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Learning Center Experience
By Heather Luea, Academic Department Chair Published September 2014
One of the most frequent questions from
students is whether savings or spending drive the economy. The simple answer
The actual answer is much more complicated. Too much savings can depress
economic activity in the short run but drive economic growth in the long run. Too
much spending accelerates the economy in the short run but can lead to
inflation and slower economic growth in the long run. Let’s take a closer look.
Borrowers and savers meet in the loanable funds market. Borrowers
can include households, corporations, and even the government. Savers include
anyone or any entity, including foreign governments, who want to invest in a
savings instrument. For example, if an investor purchases a corporate bond,
that investor is a saver and the company is a borrower in the loanable funds
market. The company may use those bond funds to finance an expansion or
purchase capital equipment. When the company makes these purchases, gross
domestic product (GDP) increases. These transactions translate into economic
activity, which drives the economy in the short run. In addition, because these
funds were used to make capital investments or investments in the resources
used to produce goods and services, long-run economic growth is also impacted. Borrowing
these funds would not have been possible without savings dollars, and spending
those funds would not have been possible if borrowers were not willing to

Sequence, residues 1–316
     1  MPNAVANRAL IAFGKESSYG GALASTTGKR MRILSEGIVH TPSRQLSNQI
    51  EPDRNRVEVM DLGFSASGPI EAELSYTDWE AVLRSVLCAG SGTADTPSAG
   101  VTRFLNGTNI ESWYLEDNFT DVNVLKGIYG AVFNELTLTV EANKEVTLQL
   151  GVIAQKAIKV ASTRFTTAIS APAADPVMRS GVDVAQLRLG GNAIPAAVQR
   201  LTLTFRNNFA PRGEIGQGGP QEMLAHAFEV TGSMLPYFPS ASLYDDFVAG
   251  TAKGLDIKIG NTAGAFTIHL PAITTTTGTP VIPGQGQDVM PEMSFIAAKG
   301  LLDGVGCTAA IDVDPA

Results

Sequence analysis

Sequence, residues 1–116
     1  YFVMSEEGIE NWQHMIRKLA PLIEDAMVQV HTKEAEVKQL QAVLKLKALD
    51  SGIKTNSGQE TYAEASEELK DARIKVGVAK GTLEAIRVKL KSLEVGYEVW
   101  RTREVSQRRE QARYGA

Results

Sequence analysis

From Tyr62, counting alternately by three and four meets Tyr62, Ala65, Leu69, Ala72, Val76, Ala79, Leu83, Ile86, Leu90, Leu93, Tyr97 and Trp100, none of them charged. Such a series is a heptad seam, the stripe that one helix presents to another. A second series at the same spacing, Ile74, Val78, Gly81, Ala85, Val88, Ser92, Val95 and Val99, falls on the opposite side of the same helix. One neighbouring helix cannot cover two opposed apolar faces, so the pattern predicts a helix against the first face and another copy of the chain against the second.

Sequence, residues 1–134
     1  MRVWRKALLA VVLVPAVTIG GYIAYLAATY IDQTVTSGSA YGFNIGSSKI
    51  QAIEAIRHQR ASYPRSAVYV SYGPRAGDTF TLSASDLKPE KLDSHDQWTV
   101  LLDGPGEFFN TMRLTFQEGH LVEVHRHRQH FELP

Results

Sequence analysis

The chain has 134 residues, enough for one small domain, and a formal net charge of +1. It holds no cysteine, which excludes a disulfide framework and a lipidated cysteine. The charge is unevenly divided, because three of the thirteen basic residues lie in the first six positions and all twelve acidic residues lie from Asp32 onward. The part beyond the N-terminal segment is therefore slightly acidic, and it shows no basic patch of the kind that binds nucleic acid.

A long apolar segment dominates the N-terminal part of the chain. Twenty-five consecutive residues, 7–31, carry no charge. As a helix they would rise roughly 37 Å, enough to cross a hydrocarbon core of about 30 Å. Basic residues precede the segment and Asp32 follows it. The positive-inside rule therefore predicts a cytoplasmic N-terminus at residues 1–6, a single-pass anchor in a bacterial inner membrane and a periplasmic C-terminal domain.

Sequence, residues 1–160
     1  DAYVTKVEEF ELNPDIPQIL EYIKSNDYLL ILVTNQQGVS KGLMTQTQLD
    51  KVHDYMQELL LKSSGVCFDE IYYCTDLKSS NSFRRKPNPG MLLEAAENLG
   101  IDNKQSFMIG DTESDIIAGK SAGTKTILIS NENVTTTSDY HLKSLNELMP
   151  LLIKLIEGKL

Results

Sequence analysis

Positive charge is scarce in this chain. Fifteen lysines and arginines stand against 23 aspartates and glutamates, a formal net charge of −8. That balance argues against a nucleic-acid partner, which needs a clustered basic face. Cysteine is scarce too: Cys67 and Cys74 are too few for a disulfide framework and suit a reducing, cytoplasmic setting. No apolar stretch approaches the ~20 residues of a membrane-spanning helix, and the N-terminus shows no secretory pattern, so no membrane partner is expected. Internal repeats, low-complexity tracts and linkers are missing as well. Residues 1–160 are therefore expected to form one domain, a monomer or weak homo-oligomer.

borrow. In this case, both savings and spending drive the economy. But what
happens if the investor decides to spend the money she would have used to
purchase a corporate bond?
When a consumer makes purchases, GDP increases in the
short run. In fact, we often see the quarterly fluctuations in economic
activity being driven by consumer spending, which is the largest component of
GDP. However, the impact on GDP is short-lived. These purchases, while
increasing current economic activity and driving the economy in the short run,
has no long-run impact on economic growth. It does not increase the
productivity of the country, so it does not have a lasting effect. Consumer
spending is necessary to stimulate the economy in the short run and deter it
from slipping into recessions, but in the long run, it won’t directly increase
a country’s ability to produce goods and services.
Traditionally, personal savings rates have been low in
the U.S. and in recent years have climbed to around 5 percent (BEA, 2014). Is
this sufficient savings to drive economic growth in this country? Where does
the U.S. get savings dollars if households are not willing to save? The answer
lies with foreign investors. When domestic savings is not adequate to meet the
demand of domestic borrowers, borrowers will turn to international investors to
obtain funding. This seems like a simple solution to the borrowing problem, but
there is another issue. All borrowed funds, whether borrowed from domestic or
international investors, must be repaid. During repayment, borrowers’
consumption is likely to fall, which decreases economic activity. Therefore,
borrowing may have negative effects on the economy in the long run.
As you can see, there appears to be a balance between
savings and spending that drives current economic activity and leads to longterm economic growth. So, should you save that
next dollar or spend that next dollar? Which is better for the economy? The
answer is: both!
“PERSONAL INCOME AND OUTLAYS, JUNE 2014;
REVISED ESTIMATES 1999 THROUGH MAY 2014” Bureau of Economic Analysis. http://www.bea.gov/newsreleases/national/pi/pinewsrelease.htm. Accessed:
August 12, 2014.
Heather Luea is an academic
department chair at Kaplan University. The views expressed in this article are
solely those of the author and do not represent the view of Kaplan University.
The contents of this article are
presented for informational purposes only. Always check with a
professional regarding any questions you may have regarding financial services.
By Cynthia Waddell, PhD, CPA, CFE
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By Richard Carter, PhD
By Stanley W. Self, CFE
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